A brave frontline carer shares her story of providing round the clock care
Careworker Carolyn Panton is a live-in carer for Trinity Homecare currently based in Woking in Surrey. Originally from South Africa, Carolyn now lives in the UK. She divides her time between the UK and South Africa and has been a carer working for Trinity Homecare for the past four years.
As a former restaurant owner and qualified chef, Carolyn Panton, 61, was keen to change her lifestyle and sought a different kind of challenge.
I felt the need to do something else with my life. After running my own restaurant business for many years, I fancied a complete change of direction and wanted to focus on a career that allowed me to help others as well as being more in line with the type of person that I am.
Carolyn’s decision to work in the care industry was greatly influenced by her grandparents in South Africa, who looked after abused children, helping to provide a safer and happier upbringing.
Caring for Multiple Sclerosis
Carolyn cares for Sue, who lives in her own home in Woking with her husband, Alan, and has been providing live-in care for over two months, alongside another Trinity carer. Sue is disabled, suffering from multiple sclerosis so has complex caring needs which require round the clock care.
“It’s important to establish a routine that works for the client. That’s why I feel live-in care works so well as it means that a routine can be established that is geared around Sue’s needs. Unlike being in a traditional care home where there are multiple people to care for and less flexibility in approach, we can easily adapt as needs change. So while we do have a good routine in place, we can alter this without causing any disruption. It is one of the real benefits of live-in care offered by Trinity Homecare.”
The perfect role that uses all of your skills
Although Carolyn came to being a carer relatively late in life (in her fifties), she believes it’s the perfect role for her:
I’ve always been a caring, people person and I find looking after others very rewarding. My previous experience as a chef also comes in handy, and I have enjoyed meal preparation with some of the clients I’ve looked after over the past four years. Sue has complex feeding needs due to her multiple sclerosis, so this is less of a requirement now, but the patients I’ve cooked for certainly seem to enjoy my food
In her four years as a carer, Carolyn has only ever provided live-in care, caring for seven people in that time. She adds:
“Live-in care provision is what appeals to me, and I was impressed with the way that Trinity Homecare had a comprehensive framework in place which focuses on the needs of the patient. I must get to know who I’m caring for as providing live-in care is a huge commitment. You also not only get to know the person you’re caring for but also their family and friends. They come to trust you and particularly at a time like this during the Coronavirus crisis when contact has to be severely restricted to ensure safety is maintained at all times. In terms of caring for Sue, with no physical visits or contact from Sue’s family and friends, this means they rely on me to provide 24/7 care and to keep them informed of how she’s getting on. At such a difficult time, this is very reassuring for Sue’s family, and they don’t have the same concerns that they would have if she was in a care or nursing home, where it is far more challenging to control aspects such as effective social distancing.”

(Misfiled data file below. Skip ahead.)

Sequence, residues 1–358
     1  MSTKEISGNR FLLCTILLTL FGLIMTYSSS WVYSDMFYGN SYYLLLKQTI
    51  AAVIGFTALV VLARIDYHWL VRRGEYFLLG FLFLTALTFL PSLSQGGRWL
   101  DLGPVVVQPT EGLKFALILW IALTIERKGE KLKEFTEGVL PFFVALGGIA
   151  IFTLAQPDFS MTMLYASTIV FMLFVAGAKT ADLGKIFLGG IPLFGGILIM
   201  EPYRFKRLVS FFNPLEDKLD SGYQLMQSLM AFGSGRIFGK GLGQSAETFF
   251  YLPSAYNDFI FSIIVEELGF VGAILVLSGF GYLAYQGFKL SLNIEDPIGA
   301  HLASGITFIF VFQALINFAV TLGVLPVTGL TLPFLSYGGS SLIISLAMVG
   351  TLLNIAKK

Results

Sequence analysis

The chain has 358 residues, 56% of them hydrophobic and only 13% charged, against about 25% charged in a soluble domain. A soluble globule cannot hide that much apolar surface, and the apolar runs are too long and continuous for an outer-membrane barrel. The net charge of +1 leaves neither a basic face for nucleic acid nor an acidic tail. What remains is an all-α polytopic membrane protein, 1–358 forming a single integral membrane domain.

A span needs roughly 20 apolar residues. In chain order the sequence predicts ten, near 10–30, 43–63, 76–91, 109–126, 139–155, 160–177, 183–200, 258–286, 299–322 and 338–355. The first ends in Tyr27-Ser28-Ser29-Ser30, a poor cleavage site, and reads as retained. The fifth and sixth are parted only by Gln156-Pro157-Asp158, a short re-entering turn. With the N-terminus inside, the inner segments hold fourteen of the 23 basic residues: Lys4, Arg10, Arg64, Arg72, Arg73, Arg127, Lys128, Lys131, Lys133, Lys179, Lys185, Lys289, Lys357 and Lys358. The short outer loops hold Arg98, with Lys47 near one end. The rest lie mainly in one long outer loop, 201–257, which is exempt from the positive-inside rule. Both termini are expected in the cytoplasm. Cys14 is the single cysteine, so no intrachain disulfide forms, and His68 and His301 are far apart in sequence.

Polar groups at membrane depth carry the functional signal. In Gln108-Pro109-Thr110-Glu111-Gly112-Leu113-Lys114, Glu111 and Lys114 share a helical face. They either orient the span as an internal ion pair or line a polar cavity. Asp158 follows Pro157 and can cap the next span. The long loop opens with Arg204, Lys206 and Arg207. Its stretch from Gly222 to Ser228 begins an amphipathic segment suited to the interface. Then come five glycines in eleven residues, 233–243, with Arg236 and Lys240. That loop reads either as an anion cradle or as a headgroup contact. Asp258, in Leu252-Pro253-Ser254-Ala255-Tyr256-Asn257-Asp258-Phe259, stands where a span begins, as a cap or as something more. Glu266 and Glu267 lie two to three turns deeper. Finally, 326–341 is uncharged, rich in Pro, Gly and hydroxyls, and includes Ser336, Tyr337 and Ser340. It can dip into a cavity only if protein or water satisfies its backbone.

The challenge facing care and nursing homes around the UK – COVID-19
The challenge facing care and nursing homes around the UK is one that concerns Carolyn greatly, and she believes that care staff working in those establishments are facing the biggest test of their lives.
“What we’re seeing happening at care homes is extremely sad as care providers are doing their best under extremely testing circumstances. And with multiple residents to care for, controlling the spread of infection and limiting the amount of contact is relentless. It is one of the major benefits of providing live-in care. Thankfully, I also don’t have any problems with the supply of PPE or medical supplies, thanks to the network of the provision from Trinity Homecare, which again provides reassurances to Sue and her family.”
With Sue’s live-in care programme and following consultations with Carolyn, Trinity Homecare decided to make amendments to staff breaks to limit client and carer contact. The move was introduced early on in the lockdown period and has similarly been put in place for the protection of many other Trinity Homecare live-in care patients. A recent review of data from the live-in care sector showed that amongst 2,500 adults with live-in care, there was only one confirmed case of COVID-19 and one suspected case by the end of March.
“Being a live-in carer is the most rewarding job”
Despite the considerable level of personal commitment, Carolyn states she wouldn’t have it any other way:
Being a live-in carer is the most rewarding job I’ve ever had, and it is great to be able to give something back, particularly in the current situation we all find ourselves in. I have great support, and I know that eventually, I will be able to take a nice long break and go home and recharge my batteries before I begin a new care assignment. Yes, it does have its challenges, and although it may feel like my life is on hold for a short time, I know that I am prioritising someone else’s greater needs over my own and giving peace of mind to loved ones.
“I’ve also met the most amazing people over the past four years and made some dear friends. I also love it that many of the families of people I cared for when I first started still keep in touch and update me on how their relatives are doing. It makes me feel like part of the family. You certainly don’t get that level of job satisfaction from running your own restaurant!”